The Fan Mountains

The view out the window of my homestay in the village of Padrud. I enjoyed waking up to this every morning.

Two weeks ago – and I can’t decide whether to lament how quickly the time has passed or marvel at how much has happened between then and now – I walked up into the Fan Mountains of northern Tajikistan, to a region called the Seven Lakes, for four days of hiking, reading and relaxation. I spent my nights staying in homestays with local families through the wonderful Zerafshan Tourism Development Association, an organization that is trying to create the infrastructure for ecotourism in Tajikistan’s Zerafshan Valley. These are some of my favorite shots from the trip.

This is one part of Shing, the village I stayed in on my first and fourth nights on the trail. The town sprawls out on both sides of the river and consists of a number of disconnected “neighborhoods” that center on different parts of the town’s economy. This clutch of mud-brick houses is strung along a road that leads up to a mine shaft.

This is Muhayo, my homestay mother in Shing.

Marguzor Lake! The sixth in the chain of seven, and my personal favorite.

That water! Look at that! Unretouched, ladies and gentlemen.

The farther up into the mountains I hiked, the deeper I got into autumn.

I was hiking along the valley’s main road, just a little north of the village of Rashna, when Farhod pulled up next to me in his jeep and insisted – absolutely insisted! – that he be allowed to drive me into town. He took me straight to his house, which was perched on a mountainside above the main road, and served me plov and tea while we talked about America, Tajikistan, and a thousand other things.

The village of Padrud, where I stayed with a woman named Zofira and two fascinating Slovenian hikers for the second and third nights of my trip. A thin string of houses crammed between mountains on both sides. The sky has a shape here.

This is how mud-brick construction works in rural Tajikistan. It’s not complicated, really; you just get a bunch of timbers into some shape vaguely resembling a truss, which will hold up the roof, and then you just cram in mud bricks any which way they’ll fit. Later, the person building this house will plug up all the cracks and cover all the timbers with several thick layers of clayey mud. The resulting structure will stay fairly cool in summer and keep the winds out in winter.

A typical toilet in the region. I literally have a whole photo album on my hard drive that’s just The Toilets of Tajikistan. I don’t know what this says about me.

“Ei!” A man’s voice, from somewhere off to my left. “Ei!” I looked up, up, up the hillside to my left to see an old goatherd sitting there in the sunshine, cross-legged on the steep slope, his animals grazing behind him. “Откуда сам?” he shouted – “Where are you from?” – the question that has become a familiar refrain of my time in Tajikistan. “From America!” I told him. “America!” he marveled. “Take my picture!” How could I refuse? I clambered all the way up the hillside, took a shot, and held an entire conversation with him while balancing on the balls of my feet and trying not to fall off the hill.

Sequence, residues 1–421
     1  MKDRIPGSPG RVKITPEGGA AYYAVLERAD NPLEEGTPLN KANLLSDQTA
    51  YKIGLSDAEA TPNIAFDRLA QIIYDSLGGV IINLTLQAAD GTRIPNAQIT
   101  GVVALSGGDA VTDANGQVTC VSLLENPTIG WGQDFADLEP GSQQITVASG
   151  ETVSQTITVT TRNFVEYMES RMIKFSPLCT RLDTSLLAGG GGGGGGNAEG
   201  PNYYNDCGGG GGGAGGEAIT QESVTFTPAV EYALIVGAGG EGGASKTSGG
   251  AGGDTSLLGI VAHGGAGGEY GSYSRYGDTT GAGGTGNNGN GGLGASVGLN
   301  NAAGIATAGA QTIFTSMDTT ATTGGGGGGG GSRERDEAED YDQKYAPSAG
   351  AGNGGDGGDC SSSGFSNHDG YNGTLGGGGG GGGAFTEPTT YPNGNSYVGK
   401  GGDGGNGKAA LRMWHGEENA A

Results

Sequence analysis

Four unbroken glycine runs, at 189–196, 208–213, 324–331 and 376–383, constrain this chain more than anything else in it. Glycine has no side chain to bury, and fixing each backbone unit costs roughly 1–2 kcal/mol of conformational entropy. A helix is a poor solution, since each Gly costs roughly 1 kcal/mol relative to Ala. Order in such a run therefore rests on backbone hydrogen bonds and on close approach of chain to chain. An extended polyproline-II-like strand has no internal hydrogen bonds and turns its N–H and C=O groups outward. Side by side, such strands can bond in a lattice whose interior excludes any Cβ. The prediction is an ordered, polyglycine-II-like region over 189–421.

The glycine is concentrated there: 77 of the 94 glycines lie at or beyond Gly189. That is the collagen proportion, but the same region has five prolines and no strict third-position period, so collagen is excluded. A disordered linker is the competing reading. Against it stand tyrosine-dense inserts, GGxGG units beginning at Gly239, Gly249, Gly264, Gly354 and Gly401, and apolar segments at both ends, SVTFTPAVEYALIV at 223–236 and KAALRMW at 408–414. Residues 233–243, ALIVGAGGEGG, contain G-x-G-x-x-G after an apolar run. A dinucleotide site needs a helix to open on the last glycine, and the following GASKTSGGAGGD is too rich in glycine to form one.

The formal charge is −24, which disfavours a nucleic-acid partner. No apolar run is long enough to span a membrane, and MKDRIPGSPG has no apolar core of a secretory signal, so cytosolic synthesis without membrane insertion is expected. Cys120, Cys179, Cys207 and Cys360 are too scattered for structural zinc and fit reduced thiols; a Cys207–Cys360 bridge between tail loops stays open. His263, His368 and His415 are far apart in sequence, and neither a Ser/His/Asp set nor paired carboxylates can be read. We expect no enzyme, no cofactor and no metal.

This was the view from the goatherd’s perch. It was a particularly paradisiacal part of the valley.

By chance, Foteh and I ended up walking next to each other on the trail – he carrying some seeds to his relatives in a nearby village, I some mildly demented foreigner who decided to walk 75 kilometers for no good reason at all. He let me ride on his donkey almost all the way around the sixth lake!

By the way, do you notice anything about the people here? Almost all the males in this valley are either under 18 or over 40, and that is a very revealing fact. If you’re of working age and want to support your family, you have three options: you can eke out a hardscrabble existence trying to get this dry, thin soil to support agriculture or livestock; you can work in some capacity for the mining company in Shing; or you can go to Russia to look for work. Life here is too tough for most families to sustain. And so, like Mexicans vis-à-vis the United States, you’ll find villages where the entire male population of age has cleared out to go to Russia. Many of the older men have already been and returned.

Women leading donkeys across a dry part of the lakebed.

This is Sohid, a little kid who lived up the side of a steep mountain outside of Nofin. He guided me to the site of an ancient Sogdian fortress on the top of a hill, clambering up fences and bounding over gates in the way of a child who believes he will always be as young as he is now. He loved having his picture taken, and he would stop me every hundred yards to ask for a new “chk-chk,” beaming into the camera every time. Sohid was my favorite of all.


About Arbutus

learner, traveler, music-maker, explorer, rabbit extraordinaire
This entry was posted in Kiva Fellowship, Personal Travels, Stories of Places, Tajikistan. Bookmark the permalink.

2 Responses to The Fan Mountains

  1. Kim says:

    Chris, these photos are incredible! You really must enter them into a contest of some sort. Also, you should scrap grad school and work as a photojournalist for National Geographic instead. Career path decisions ftw!


    • Arbutus says:

      Thanks for the kind words, Kim! I can only accept like a quarter of the credit, though. Another quarter goes to the beautiful people here, another quarter to the mountains, and the last quarter to the crop tool in Gimp. ;)

      Good to see you have come/are coming out the other end of busy season, by the way. :) I hope it wasn’t too terrible this time around.

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